Inside the box is a man with a long list of instructions. Each time a word comes in he consults the instructions to see what he should do. Some times he simply moves to another part of the instructions, and others he takes cards illustrated with Chinese characters out of a file and passes them through the output slot. He has no understanding of what he is doing; he just follows the instructions.

Can the box speak Chinese? Can the man inside it? Clearly not. But, said Searle, the box is doing exactly what a computer does. Computers have perfect memory, and can follow complex instructions flawlessly, but they don’t understand anything.

Meet Anjuli O’Connell, half Pakistani, half Irish, with a serious self-esteem problem and an addiction to comfort eating. Anjuli has been rushed through a hot house school and university, the better to serve the burgeoning needs of the UK’s high tech industry, yet she comes from a society that is deeply mistrustful of any technological advance. Remember, we British invented Luddism. She is, it seems to me, a perfect heroine for a British SF story.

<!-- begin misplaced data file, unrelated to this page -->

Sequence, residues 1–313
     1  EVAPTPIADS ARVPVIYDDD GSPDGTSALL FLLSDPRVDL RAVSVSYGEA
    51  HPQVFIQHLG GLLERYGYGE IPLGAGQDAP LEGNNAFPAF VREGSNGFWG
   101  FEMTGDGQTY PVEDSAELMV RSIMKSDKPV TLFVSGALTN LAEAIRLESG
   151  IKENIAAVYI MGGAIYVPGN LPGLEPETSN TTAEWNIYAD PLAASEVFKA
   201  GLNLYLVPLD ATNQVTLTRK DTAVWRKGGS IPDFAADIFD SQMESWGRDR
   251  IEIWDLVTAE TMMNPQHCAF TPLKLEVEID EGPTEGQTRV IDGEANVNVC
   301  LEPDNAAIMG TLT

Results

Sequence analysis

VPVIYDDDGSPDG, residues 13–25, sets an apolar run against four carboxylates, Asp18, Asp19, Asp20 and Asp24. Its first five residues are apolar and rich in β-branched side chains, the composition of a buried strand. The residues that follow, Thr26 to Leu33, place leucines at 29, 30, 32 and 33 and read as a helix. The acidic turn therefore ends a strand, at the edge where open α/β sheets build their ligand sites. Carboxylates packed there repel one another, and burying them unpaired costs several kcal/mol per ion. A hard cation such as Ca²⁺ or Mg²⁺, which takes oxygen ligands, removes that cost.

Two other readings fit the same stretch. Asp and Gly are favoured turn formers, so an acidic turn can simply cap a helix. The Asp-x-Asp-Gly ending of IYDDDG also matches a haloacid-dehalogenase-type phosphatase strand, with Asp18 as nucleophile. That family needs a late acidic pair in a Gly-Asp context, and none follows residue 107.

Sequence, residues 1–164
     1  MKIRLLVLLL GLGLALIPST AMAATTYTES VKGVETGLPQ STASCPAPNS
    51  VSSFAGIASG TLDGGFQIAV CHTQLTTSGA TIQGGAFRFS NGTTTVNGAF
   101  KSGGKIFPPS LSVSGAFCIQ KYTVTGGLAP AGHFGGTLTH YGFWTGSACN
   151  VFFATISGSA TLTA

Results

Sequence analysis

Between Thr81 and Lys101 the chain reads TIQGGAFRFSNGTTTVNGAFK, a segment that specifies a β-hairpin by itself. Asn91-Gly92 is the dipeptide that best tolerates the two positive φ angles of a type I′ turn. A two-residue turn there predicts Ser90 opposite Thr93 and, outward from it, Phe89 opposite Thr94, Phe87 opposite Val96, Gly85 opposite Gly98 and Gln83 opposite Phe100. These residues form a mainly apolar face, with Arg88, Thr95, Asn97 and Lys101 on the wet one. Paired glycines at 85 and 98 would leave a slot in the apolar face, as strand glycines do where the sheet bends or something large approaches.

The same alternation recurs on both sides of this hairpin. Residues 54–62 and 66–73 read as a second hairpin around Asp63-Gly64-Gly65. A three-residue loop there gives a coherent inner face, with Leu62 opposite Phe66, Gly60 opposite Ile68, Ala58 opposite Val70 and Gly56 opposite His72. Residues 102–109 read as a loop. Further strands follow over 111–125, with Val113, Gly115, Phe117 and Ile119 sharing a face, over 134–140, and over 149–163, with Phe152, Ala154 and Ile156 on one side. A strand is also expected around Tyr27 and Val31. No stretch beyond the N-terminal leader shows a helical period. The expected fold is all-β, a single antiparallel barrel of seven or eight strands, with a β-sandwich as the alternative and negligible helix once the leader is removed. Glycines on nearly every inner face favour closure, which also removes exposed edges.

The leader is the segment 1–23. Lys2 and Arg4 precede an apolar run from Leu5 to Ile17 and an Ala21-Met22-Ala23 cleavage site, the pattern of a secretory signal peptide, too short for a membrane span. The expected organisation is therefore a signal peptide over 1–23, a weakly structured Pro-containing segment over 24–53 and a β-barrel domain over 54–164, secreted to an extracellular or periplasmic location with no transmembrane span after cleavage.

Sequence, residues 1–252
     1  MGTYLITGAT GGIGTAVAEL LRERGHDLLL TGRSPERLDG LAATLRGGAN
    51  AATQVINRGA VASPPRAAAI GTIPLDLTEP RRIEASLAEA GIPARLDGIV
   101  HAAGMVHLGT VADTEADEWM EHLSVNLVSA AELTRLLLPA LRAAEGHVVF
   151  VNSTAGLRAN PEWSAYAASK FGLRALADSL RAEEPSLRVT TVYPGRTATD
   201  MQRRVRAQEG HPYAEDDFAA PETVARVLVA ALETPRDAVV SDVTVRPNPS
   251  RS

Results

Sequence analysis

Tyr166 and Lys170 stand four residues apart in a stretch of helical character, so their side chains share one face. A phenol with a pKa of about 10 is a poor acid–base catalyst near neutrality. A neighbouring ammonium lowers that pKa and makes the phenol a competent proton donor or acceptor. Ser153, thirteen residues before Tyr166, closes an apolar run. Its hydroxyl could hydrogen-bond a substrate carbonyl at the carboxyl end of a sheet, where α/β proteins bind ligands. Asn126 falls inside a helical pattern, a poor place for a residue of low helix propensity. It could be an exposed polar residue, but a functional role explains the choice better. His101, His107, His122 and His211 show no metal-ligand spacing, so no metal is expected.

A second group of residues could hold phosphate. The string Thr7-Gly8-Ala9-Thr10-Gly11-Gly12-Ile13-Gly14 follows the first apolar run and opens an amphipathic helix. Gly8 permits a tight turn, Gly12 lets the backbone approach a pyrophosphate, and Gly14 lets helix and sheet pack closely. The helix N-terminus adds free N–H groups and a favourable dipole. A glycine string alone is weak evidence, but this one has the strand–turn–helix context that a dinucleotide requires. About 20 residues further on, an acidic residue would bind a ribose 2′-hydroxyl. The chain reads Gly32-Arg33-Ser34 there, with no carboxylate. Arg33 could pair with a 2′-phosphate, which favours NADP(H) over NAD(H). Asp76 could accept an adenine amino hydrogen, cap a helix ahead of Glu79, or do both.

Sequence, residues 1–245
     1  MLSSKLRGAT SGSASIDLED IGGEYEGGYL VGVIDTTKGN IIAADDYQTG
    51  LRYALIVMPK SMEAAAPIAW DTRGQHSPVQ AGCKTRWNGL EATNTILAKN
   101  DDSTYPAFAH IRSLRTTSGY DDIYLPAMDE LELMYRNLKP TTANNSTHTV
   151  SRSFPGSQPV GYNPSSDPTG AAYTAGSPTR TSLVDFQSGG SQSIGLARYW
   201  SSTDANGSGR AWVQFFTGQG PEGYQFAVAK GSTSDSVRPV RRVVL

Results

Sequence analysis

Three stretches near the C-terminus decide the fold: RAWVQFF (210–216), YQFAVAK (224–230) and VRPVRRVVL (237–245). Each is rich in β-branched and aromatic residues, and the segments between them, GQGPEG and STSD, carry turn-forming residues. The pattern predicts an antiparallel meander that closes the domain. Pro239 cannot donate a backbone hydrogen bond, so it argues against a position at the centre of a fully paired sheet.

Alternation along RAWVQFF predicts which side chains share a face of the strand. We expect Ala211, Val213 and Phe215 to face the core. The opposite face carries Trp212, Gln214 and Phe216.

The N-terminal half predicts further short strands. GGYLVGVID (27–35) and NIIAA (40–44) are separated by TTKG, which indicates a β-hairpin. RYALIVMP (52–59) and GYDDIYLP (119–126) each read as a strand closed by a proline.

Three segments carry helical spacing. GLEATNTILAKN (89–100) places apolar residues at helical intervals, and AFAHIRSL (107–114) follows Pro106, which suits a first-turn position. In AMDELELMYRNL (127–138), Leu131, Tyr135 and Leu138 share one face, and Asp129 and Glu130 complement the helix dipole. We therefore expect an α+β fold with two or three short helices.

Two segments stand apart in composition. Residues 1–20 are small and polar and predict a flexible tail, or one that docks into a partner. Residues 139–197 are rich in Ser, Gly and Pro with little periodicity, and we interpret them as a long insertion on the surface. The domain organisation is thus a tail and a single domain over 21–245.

Yet although Anjuli passed every exam the educational system could throw at her with flying colours, she has little faith in her own intelligence. You see she has a perfect memory. Every book, every picture, every smell, sound or texture she can recall with utter clarity. She remembers everything, and can reproduce it on demand. But, she wonders, do I ever understand any of it? It is perhaps no surprise that she is now one of the world’s foremost experts on the psychology of artificial intelligences. 901, the software she is employed to monitor, is closer to her than most humans.

Anjuli’s best friend through school and university was Roy Croft, though they were in many ways complete opposites. Roy couldn’t be bothered to learn to spell, but he could work anything out from first principles. He could write code like no one else, and he loved computers. The ancient alchemists had a dream of turning base metals into gold, but no such paltry ambition would suffice for Roy. He wanted to turn base metals into life.

Roy followed Anjuli up the corporate ladder, his undoubted technical skill more than compensating for his crazy ideas and involvement in lunatic fringe pro-AI pressure groups. But even Roy could go too far. Now he is dead. The company investigation described his death as suicide. Anjuli isn’t too sure. 901 doesn’t like the story either, and is worried that it might be next.